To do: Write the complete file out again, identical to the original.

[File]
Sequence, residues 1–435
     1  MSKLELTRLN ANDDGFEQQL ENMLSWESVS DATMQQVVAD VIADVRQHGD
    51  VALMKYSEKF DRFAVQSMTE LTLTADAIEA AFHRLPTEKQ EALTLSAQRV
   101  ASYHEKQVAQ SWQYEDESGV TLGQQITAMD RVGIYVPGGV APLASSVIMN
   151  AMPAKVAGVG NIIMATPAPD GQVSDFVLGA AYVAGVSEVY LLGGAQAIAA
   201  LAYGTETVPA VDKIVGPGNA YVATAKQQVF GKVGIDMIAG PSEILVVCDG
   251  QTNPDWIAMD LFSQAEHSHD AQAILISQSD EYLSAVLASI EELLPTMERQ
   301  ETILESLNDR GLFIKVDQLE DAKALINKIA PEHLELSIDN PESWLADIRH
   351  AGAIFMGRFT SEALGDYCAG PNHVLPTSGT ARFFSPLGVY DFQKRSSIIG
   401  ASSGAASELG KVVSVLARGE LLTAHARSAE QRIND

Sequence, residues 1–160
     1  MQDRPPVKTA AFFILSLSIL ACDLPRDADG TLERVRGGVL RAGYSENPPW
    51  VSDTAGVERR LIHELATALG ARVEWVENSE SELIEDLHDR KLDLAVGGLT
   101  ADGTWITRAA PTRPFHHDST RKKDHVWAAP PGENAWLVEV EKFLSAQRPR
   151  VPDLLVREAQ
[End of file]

Sequence, residues 1–435
     1  MSKLELTRLN ANDDGFEQQL ENMLSWESVS DATMQQVVAD VIADVRQHGD
    51  VALMKYSEKF DRFAVQSMTE LTLTADAIEA AFHRLPTEKQ EALTLSAQRV
   101  ASYHEKQVAQ SWQYEDESGV TLGQQITAMD RVGIYVPGGV APLASSVIMN
   151  AMPAKVAGVG NIIMATPAPD GQVSDFVLGA AYVAGVSEVY LLGGAQAIAA
   201  LAYGTETVPA VDKIVGPGNA YVATAKQQVF GKVGIDMIAG PSEILVVCDG
   251  QTNPDWIAMD LFSQAEHSHD AQAILISQSD EYLSAVLASI EELLPTMERQ
   301  ETILESLNDR GLFIKVDQLE DAKALINKIA PEHLELSIDN PESWLADIRH
   351  AGAIFMGRFT SEALGDYCAG PNHVLPTSGT ARFFSPLGVY DFQKRSSIIG
   401  ASSGAASELG KVVSVLARGE LLTAHARSAE QRIND

Sequence, residues 1–160
     1  MQDRPPVKTA AFFILSLSIL ACDLPRDADG TLERVRGGVL RAGYSENPPW
    51  VSDTAGVERR LIHELATALG ARVEWVENSE SELIEDLHDR KLDLAVGGLT
   101  ADGTWITRAA PTRPFHHDST RKKDHVWAAP PGENAWLVEV EKFLSAQRPR
   151  VPDLLVREAQ